EGU22-6525
https://doi.org/10.5194/egusphere-egu22-6525
EGU General Assembly 2022
© Author(s) 2022. This work is distributed under
the Creative Commons Attribution 4.0 License.

Passive CO2 mineralisation in slag: evidence from a slag heap in Lanarkshire, Scotland.

Faisal W. K. Khudhur1, Alice Macente1,2, John MacDonald1, and Luke Daly1,3,4
Faisal W. K. Khudhur et al.
  • 1School of Geographical and Earth Sciences, University of Glasgow, Glasgow, United Kingdom
  • 2Department of Civil and Environmental Engineering, University of Strathclyde, Glasgow, United Kingdom
  • 3Centre for Microscopy and Microanalysis, University of Sydney, Sydney, Australia
  • 4Department of Materials, University of Oxford, Oxford, United Kingdom

CO2 mineralization is a natural process that occurs during weathering of silicate materials that are calcium/magnesium-rich and aluminum-poor (Kelemen et al., 2020). During this process, silicates convert to carbonates, making silicate-rich materials such as ultramafic rocks and alkaline wastes suitable for CO2 removal from air.  Using slag to sequester CO2 is particularly attractive as it is a by-product of a key industry, and it can utilize CO2 from the emission source, therefore reducing the need for CO2 and slag transportation, or draw down of CO2 already in the atmosphere. It is estimated that steel slag has the potential to capture ~150-250 Mt CO2 yr-1 now, and ~320-870 Mt CO2 yr-1 by 2100 (Renforth, 2019).

Although the chemical composition of alkaline wastes shows that CO2 capture can significantly offset emissions from corresponding industries, recent observations reveal that the CO2 uptake in alkaline wastes in underutilized (Pullin et al., 2019). Here, we use image-based analysis to understand the microstructures of CO2 mineralization in slag. We use X-ray Computed Tomography (XCT) to visualize slag internal structures and to calculate reactive surface area and pore connectivity. We then use scanning electron microscopy (SEM), coupled with energy dispersive spectroscopy (EDS) to study the distribution of elements within the studied sample.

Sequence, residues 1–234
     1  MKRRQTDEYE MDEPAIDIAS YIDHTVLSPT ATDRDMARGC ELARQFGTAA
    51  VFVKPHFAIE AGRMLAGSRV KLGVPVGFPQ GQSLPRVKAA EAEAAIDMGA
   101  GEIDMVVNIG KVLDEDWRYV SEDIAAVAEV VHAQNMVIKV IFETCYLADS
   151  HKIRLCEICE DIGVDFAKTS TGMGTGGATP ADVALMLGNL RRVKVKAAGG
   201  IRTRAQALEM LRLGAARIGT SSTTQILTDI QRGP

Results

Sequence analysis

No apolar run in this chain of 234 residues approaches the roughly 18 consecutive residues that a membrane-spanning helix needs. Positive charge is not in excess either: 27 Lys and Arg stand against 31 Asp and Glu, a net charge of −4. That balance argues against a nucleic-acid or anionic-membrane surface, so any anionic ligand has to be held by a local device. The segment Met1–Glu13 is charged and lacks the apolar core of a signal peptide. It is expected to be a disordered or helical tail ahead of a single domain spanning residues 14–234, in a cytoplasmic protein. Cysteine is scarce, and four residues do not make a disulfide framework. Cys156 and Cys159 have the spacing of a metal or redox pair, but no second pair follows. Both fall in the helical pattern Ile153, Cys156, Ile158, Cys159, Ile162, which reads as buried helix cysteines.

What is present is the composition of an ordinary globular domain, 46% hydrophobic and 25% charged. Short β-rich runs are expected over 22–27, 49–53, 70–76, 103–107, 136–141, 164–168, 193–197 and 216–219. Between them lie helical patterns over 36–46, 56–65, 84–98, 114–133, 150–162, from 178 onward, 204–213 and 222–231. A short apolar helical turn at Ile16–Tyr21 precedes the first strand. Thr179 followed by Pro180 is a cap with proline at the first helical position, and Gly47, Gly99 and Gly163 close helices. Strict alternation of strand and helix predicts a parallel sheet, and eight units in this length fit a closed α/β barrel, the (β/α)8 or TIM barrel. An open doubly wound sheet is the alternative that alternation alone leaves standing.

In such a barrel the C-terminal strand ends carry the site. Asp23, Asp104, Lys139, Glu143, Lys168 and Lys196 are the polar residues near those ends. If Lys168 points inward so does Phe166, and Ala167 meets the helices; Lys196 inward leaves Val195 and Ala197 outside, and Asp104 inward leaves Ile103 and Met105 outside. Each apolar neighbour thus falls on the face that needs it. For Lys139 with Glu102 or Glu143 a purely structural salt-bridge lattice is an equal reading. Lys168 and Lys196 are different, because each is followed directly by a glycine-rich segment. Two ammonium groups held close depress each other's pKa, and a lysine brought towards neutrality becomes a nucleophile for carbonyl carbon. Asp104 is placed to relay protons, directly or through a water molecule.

In our study, we use a slag sample collected from the former Ravenscraig Steelworks in Lanarkshire, Scotland, where steelmaking took place from 1950s until 1992 (Stewart, 2008), leaving behind a slag heap that has been weathering since then. Our analysis demonstrates that calcium carbonate precipitates as pore-lining. Surface passivation and low surface-connected porosity were identified as processes that can cause reduction in CO2 uptake.

 

References

 

Kelemen, P.B., McQueen, N., Wilcox, J., Renforth, P., Dipple, G., Vankeuren, A.P., 2020. Engineered carbon mineralization in ultramafic rocks for CO2 removal from air: Review and new insights. Chem. Geol. 550, 119628. https://doi.org/10.1016/j.chemgeo.2020.119628

Pullin, H., Bray, A.W., Burke, I.T., Muir, D.D., Sapsford, D.J., Mayes, W.M., Renforth, P., 2019. Atmospheric Carbon Capture Performance of Legacy Iron and Steel Waste. Environ. Sci. Technol. 53, 9502–9511. https://doi.org/10.1021/acs.est.9b01265

Renforth, P., 2019. The negative emission potential of alkaline materials. Nat. Commun. 10, 1401. https://doi.org/10.1038/s41467-019-09475-5

Stewart, D., 2008. Fighting for Survival: The 1980s Campaign to Save Ravenscraig Steelworks. J. Scottish Hist. Stud. 25, 40–57. https://doi.org/10.3366/JSHS.2005.25.1.40

How to cite: Khudhur, F. W. K., Macente, A., MacDonald, J., and Daly, L.: Passive CO2 mineralisation in slag: evidence from a slag heap in Lanarkshire, Scotland., EGU General Assembly 2022, Vienna, Austria, 23–27 May 2022, EGU22-6525, https://doi.org/10.5194/egusphere-egu22-6525, 2022.